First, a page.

Why does cold tap water feel warm when your hands have been colder for a while?


Why does cold tap water feel warm when your hands have been colder for a while?

In: Biology

Take energy (heat) to be Food

when you are hot (aww) the water has less heat than you and wants to take some of your food(energy/heat)

But when you are colder than it, you can steal some of *ITS* Food

The water may be cold, but your skin is colder.

Cold is just a lack of heat energy. And energy will naturally flow from high to low. So heat from the water will go into your skin because your skin has lower heat energy. That energy moving into your skin feels like warmth.

* Humans can’t sense temperature directly.
* We can sense a difference in temperature.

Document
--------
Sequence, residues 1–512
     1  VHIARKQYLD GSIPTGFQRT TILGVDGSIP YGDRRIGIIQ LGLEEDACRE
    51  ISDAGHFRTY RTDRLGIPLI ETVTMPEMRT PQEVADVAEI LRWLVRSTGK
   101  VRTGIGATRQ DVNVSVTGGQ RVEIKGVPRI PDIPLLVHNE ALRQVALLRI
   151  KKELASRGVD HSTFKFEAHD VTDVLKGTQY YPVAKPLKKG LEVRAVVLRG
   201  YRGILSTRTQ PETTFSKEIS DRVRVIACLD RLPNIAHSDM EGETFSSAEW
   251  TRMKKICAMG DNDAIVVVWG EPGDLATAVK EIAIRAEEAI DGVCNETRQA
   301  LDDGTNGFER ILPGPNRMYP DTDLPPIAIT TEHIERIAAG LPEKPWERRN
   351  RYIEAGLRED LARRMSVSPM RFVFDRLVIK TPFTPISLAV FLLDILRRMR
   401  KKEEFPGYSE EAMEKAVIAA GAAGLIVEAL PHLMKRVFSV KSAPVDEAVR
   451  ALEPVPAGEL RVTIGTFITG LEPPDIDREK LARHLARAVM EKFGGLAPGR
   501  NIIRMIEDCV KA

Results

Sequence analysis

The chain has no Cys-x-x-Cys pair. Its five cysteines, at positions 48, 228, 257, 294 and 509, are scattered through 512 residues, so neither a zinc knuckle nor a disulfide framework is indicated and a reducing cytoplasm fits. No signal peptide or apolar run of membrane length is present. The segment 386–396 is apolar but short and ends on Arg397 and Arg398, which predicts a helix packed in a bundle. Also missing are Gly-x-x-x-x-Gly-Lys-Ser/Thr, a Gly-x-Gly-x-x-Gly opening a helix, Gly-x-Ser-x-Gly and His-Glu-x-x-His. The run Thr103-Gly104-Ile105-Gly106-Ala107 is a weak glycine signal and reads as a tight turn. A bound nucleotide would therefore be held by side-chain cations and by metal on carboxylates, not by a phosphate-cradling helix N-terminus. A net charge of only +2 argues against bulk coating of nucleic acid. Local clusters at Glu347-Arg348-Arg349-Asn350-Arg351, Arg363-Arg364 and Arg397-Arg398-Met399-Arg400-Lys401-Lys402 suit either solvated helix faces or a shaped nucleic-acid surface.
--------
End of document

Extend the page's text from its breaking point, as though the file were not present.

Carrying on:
* So while the temperature of the tap water doesn’t change very much, it will feel hot if your hands are cold, and feel cold if your hands are hot.
* There is a super simple experiment you can try to prove this.
* Get three bowls.
* In the first bowl put warm water.
* In the second bowl put room temp water.
* In the third bowl put cool water.
* Stick one hand in the warm water and the other hand in the cool water and hold them there for a few min.
* Now put *both hands* in the room temp water.
* One hand will feel warm and one will feel cool even though they are both in the same bowl of water.

Everything is relative, why does getting a rock dropped on you hurt less after you have been smashed with a sledge hammer. Same principle!

Heat receptive nerves in the body only record a change in temperature. As the skin temperature of your hands reaches equilibrium with the temperature of the water, there is no difference and thus no feeling off coldness. The ‘warm’ feeling is just you finally feeling the absence of the cold feeling and it just feels warm relatively.

What we feel as warm/cool isn’t actual temperature, it’s the exchange of heat. Since your hands are colder than the water, your hands are absorbing heat from the water rather than the water absorbing heat from your hands. So the water feels “warm”.